Hidden Gems: Various Artists, “Rien Ni Personne—A French Compilation”

HG-Rien-1244.jpgIn our series Hidden Gems, writers share their favorite Bandcamp discoveries.

In 2016, Tristan Koreya released Rien Ni Personne [“Nothing and Nobody”]—A French Compilation on his Ivory Coast-based Nostalgia de la Boue label. It is intended to be a definitive survey of the French experimental underground scene—including, as he puts it, “artists living in France whatever their nationality and French artists living abroad.” The result, at 91 tracks and nine hours’ running time, is both overwhelming and glorious.

Most of the music was recorded in the 2010s, though many of the performers, such as Bernard Hilpetti of Art & Technique and Axel, and Mitra Kyrou of Vox Populi!, have been recording since the ‘70s or ‘80s. In any case, the stylistic breadth is enormous. On one of the two tracks titled “Rien Ni Personne,” Nantes-based Airworld locks into a minimalist electronic groove: cool atmospheric menace, interspersed with angry clattering synth spikes. The Amor Fati Trio’s “Danse Sacrale,” by contrast, is improv free jazz for drums, guitar, and sax, which alternates between sparse, tenuous passages and blasts of broken funk. Enigmatic performer Internal Fusion, aka Éric Latteux, comes through with a dark keyboard dance track that sounds like it was beamed down from an extraterrestrial Renaissance Faire. The ambient New Age throb of Strangelucid morphs into the cold wave melancholy of Black Egg, which turns into the echoing ambient electro-acoustic noise art of Benjamin Aït-Ali, and follows on to Carroll Catcher’s beat poetry-mixed-with-Turkish-psychedelia. Most of the music on the comp is released here for the first time, so there’s plenty even for those well-versed in the French underground. And for new initiates, Rien Ni Personne is determined to introduce you to the entire scene, in all its dizzying depth and breadth.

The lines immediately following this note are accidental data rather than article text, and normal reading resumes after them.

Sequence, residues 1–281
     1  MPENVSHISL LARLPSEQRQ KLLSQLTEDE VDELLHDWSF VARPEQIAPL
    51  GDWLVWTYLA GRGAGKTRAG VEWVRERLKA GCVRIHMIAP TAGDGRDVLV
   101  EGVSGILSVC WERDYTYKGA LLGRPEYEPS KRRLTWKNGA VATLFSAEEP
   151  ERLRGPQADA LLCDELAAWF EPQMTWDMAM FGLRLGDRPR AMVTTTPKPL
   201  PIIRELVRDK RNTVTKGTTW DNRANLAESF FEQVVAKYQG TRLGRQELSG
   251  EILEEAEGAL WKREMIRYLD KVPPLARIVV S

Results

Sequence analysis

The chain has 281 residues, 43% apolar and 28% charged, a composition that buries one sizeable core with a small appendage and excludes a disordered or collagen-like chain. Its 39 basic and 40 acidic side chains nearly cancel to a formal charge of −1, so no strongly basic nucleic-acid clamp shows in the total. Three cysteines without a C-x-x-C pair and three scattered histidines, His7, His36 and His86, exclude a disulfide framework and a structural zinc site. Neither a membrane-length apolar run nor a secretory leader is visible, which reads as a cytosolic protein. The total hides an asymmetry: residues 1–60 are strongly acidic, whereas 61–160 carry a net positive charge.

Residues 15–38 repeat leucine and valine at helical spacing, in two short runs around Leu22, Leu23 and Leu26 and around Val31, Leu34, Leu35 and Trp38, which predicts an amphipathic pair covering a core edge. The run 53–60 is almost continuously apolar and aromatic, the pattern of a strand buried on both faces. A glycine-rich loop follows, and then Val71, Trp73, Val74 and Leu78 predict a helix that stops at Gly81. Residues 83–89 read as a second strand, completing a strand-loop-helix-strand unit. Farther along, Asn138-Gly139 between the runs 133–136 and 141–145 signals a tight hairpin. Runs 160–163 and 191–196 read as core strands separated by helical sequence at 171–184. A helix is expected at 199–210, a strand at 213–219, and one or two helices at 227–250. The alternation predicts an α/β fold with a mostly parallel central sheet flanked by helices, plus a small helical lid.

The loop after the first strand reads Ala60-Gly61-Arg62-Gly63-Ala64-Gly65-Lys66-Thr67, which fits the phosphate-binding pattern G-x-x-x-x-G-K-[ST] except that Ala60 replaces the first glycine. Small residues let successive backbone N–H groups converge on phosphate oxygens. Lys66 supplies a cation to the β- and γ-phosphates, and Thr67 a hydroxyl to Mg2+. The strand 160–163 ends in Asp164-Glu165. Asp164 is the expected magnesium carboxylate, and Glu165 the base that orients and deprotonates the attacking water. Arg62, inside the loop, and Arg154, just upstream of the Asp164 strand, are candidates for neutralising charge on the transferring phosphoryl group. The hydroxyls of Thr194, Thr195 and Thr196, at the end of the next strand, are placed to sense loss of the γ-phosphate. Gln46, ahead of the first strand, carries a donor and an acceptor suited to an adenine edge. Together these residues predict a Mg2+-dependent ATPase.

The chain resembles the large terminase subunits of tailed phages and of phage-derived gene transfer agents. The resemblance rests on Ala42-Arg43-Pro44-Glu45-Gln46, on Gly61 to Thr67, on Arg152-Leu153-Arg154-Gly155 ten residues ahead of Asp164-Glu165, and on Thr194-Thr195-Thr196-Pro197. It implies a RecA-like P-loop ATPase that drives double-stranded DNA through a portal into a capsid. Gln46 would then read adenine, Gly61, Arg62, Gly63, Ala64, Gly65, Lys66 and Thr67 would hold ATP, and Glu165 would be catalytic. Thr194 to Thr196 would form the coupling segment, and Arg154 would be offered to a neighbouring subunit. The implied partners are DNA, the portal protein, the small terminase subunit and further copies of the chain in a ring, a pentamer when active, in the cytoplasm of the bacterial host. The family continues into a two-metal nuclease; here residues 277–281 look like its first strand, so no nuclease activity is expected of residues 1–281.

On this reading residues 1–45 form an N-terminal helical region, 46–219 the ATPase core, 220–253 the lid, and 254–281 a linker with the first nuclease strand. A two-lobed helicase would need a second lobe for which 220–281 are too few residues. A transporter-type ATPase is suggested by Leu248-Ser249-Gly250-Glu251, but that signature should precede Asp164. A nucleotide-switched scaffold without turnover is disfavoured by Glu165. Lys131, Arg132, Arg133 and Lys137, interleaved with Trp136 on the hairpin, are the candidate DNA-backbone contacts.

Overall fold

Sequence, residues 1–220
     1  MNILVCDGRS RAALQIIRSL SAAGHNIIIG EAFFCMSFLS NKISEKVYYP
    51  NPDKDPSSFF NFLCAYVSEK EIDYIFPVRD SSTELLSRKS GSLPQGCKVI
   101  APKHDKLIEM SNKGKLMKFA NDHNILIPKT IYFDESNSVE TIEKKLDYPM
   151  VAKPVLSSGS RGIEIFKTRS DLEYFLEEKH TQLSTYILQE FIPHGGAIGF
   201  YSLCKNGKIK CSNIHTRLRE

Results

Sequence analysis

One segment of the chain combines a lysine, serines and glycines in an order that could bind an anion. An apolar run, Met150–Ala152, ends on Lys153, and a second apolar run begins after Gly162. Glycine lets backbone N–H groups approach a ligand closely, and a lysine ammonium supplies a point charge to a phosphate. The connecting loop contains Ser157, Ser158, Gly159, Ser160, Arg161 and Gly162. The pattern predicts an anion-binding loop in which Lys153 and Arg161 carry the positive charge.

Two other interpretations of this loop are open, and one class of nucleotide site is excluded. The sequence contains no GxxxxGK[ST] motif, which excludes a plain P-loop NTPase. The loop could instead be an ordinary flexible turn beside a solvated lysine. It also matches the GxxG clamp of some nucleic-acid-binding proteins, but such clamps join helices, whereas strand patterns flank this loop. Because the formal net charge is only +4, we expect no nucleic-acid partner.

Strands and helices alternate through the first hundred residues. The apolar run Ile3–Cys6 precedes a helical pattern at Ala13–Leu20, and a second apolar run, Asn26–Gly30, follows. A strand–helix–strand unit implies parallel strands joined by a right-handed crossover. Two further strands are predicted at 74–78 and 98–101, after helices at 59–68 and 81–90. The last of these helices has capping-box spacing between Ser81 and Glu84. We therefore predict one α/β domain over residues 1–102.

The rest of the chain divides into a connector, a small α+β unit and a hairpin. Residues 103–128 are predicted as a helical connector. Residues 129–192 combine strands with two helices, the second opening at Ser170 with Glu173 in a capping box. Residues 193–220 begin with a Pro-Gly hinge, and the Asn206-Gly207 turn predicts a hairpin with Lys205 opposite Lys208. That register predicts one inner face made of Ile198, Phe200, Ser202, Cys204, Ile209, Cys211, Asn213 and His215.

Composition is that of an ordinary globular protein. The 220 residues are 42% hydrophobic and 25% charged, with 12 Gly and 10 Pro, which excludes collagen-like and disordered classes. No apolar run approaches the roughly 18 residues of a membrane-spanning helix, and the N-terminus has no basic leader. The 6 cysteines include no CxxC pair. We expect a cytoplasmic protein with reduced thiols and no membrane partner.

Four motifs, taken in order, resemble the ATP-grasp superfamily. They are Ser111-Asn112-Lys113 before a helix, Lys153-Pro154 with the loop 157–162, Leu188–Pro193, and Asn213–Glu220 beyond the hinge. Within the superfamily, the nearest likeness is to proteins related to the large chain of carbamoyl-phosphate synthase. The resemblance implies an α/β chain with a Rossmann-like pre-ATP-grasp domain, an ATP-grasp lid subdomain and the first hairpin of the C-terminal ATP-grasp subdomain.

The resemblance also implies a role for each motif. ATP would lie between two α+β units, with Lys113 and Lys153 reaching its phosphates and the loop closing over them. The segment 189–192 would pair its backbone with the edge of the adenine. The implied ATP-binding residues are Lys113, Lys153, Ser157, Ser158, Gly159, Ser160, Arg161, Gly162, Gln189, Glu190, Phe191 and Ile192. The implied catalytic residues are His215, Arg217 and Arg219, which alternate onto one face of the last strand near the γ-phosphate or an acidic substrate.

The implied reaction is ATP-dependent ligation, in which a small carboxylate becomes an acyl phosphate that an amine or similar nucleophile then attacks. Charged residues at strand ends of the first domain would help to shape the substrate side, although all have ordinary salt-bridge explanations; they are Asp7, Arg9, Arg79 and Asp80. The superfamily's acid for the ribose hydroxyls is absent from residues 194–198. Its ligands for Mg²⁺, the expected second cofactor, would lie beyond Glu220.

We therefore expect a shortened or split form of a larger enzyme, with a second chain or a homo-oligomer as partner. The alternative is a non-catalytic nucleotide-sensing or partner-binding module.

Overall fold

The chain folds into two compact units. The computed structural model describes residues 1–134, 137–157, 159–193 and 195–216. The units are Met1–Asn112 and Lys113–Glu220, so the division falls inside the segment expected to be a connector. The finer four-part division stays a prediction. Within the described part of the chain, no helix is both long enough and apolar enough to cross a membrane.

Noah Berlatsky

The Devotional Music of Ana Roxanne

Ana Roxane

Ana Roxanne photographed in her studio by Inga Schunn



When ambient singer and composer Ana Roxanne originally recorded and released the unusually named six-song collection ~~~ in 2015, she did it alone, without any formal announcement or fanfare, keeping the deeply personal work largely to herself for fear of the reaction. Soon after, she moved away from her hometown of Oakland to Los Angeles. A friend passed her album along to producer Matthewdavid, who was looking for artists to perform at a daytime ambient series in a park. He reached out and offered to release her music on a larger scale. Leaving Records, the experimental label he co-founded, re-released ~~~ on March 15. “To share these songs again, years later, and have a positive response to them, it’s giving me so much motivation to keep going and not doubt myself as much anymore,” Ana says.

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The Freewheeling Jazz & Soul on Honey Oat’s Debut Grew From A 15-Year Friendship

Honey Oat

Honey Oat have only been a band for three months but its members, Janak JP and Gabe Stout, have been working together for nearly 15 years. “Listening to music together and experiencing music together is an integral part of our creative process,” says Stout. “It’s something that’s bonded us over the years.”